Smear negative PTB didn’t look for, as well as extra pulmonary TB. Probably the 2 weeks cough can be mis-determined by persons living on streets with limited date and time remembrance and others.

Conclusion

The prevalence of smear positive PTB among TB suspect homeless individuals was high. Extrapolation of this study finding also indicates that the point prevalence of smear positive PTB in homeless individuals was 4.67 times higher than the general population in Ethiopia. It indicates that there is high transmission of TB in the homeless individuals and also become a risk to the entire community. Although MDR-TB was not found, well known risk factors for MDR-TB, previous anti-TB treatment defaulter rate is higher in the study participants. Smoking cigarette regularly for greater than 5 years, malnutrition and HIV infection were significantly associated factors with smear positive PTB among homeless individuals. Special emphasis is needed for homeless individuals to exert intensive effort to identify undetected TB cases to limit circulation of the disease into the community. Developing and implementing specific TB prevention and control strategies with integrated risk reduction approach is needed for homeless individuals.

Abbreviations

AFB: 

acid fast bacilli

BMI: 

body mass index

CDC: 

Center for Disease Control and prevention

FM: 

fluorescence microscopy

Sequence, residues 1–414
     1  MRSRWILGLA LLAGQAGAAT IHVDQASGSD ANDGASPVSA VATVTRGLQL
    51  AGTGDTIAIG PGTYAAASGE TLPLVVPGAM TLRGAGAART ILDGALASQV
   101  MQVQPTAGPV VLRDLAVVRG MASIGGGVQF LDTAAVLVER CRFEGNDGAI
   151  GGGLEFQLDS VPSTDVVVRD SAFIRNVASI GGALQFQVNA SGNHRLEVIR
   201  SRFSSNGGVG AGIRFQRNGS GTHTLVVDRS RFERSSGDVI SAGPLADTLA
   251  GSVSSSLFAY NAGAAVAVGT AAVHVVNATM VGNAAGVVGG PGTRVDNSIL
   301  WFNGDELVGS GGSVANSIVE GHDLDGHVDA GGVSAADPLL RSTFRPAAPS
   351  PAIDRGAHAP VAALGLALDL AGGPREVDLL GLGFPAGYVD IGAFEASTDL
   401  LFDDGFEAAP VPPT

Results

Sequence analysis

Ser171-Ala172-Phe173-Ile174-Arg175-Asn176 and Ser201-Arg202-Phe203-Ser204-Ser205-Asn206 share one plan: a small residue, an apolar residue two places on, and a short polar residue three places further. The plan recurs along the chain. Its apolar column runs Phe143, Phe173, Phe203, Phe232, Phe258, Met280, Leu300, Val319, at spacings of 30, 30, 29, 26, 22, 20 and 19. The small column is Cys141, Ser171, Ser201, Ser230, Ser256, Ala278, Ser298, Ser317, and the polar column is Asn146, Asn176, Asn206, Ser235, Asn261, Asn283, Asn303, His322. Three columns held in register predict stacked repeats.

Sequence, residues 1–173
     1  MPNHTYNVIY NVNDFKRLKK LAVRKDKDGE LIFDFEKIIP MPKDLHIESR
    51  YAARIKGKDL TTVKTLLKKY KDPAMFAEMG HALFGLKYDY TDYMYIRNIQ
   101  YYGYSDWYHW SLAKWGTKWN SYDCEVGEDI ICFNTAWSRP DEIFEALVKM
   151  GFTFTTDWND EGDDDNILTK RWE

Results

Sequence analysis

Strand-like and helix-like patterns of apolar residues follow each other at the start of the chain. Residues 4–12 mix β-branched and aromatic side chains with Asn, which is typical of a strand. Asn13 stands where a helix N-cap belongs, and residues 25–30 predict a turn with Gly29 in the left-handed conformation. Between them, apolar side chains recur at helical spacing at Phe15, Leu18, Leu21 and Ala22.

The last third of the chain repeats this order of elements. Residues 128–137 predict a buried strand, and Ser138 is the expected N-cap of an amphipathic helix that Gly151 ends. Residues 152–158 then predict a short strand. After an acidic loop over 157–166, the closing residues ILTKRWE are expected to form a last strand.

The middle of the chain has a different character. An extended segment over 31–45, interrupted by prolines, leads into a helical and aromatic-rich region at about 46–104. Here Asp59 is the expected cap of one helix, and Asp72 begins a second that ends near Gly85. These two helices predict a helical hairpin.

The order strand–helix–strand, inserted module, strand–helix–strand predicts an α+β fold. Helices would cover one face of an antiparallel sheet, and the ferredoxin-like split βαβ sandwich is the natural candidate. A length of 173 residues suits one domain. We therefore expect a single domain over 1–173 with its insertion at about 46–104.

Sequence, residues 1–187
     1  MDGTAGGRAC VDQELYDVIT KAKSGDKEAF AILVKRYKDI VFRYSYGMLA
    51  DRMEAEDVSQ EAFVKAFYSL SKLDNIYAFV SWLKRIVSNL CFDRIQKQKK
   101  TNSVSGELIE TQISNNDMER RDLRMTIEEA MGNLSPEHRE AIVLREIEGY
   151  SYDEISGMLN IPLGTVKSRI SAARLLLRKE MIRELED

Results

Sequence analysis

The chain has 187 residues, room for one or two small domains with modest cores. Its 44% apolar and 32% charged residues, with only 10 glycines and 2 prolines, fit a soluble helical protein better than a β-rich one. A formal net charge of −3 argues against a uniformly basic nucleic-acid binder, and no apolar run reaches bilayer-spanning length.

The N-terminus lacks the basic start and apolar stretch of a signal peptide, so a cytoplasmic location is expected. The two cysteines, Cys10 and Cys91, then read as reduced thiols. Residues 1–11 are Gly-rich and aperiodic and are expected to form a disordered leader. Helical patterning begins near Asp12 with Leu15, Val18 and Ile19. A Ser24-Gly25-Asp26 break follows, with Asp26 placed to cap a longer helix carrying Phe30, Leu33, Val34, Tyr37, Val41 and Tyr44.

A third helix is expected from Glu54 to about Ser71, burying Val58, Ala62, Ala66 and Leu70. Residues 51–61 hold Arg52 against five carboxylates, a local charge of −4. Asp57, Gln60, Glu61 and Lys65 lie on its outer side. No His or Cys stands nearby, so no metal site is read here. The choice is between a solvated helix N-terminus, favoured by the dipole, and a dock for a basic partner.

HIV: 

human immunodeficiency virus

INH: 

isoniazid

MDR-TB: 

multidrug resistant tuberculosis

MTB: 

M. tuberculosis

PCR: 

polymerase chain reaction

PTB: 

pulmonary tuberculosis

RIF: 

rifampicin

TB: 

tuberculosis

Declarations

Authors’ contributions

TS conception of research idea, study design, data collection, analysis and interpretation. BT, SE, and FM supervision, data collection, analysis, interpretation and the drafting of manuscript. All authors read and approved the final manuscript.

Acknowledgements

We would like to thank study participants and University of Gondar, Dessie and Debre Birhan hospitals for allowing us to use the laboratory facilities.

Competing interests

The authors declare that they have no competing interests.

Availability of data and materials

No additional data are required.

Consent for publication

Not applicable.

Ethical approval and consent to participate

Ethical clearance was obtained from the ethical review board of the School of Biomedical and Laboratory Sciences, College of Medicine and Health Sciences, University of Gondar. Official permission letters were obtained from Dessie and Debre Birhan towns’ administrative body. Written informed consent was obtained from all study participants after adequate information about the potential benefits and risks of the study had been provided. Those participants with positive results for smear positive PTB and/or HIV infection were referred to the nearby health facility. The collected data were kept confidentially by using anonymous instead of any personal identifiers.

Funding

Partial funding of the research was obtained from Amhara health regional bureau.

Open AccessThis article is distributed under the terms of the Creative Commons Attribution 4.0 International License (http://creativecommons.org/licenses/by/4.0/), which permits unrestricted use, distribution, and reproduction in any medium, provided you give appropriate credit to the original author(s) and the source, provide a link to the Creative Commons license, and indicate if changes were made. The Creative Commons Public Domain Dedication waiver (http://creativecommons.org/publicdomain/zero/1.0/) applies to the data made available in this article, unless otherwise stated.

Authors’ Affiliations

(1)
Amhara Regional Health Bureau, North Shewa Zonal Health Bureau
(2)
School of Biomedical and Laboratory Sciences, Department of Medical Microbiology, University of Gondar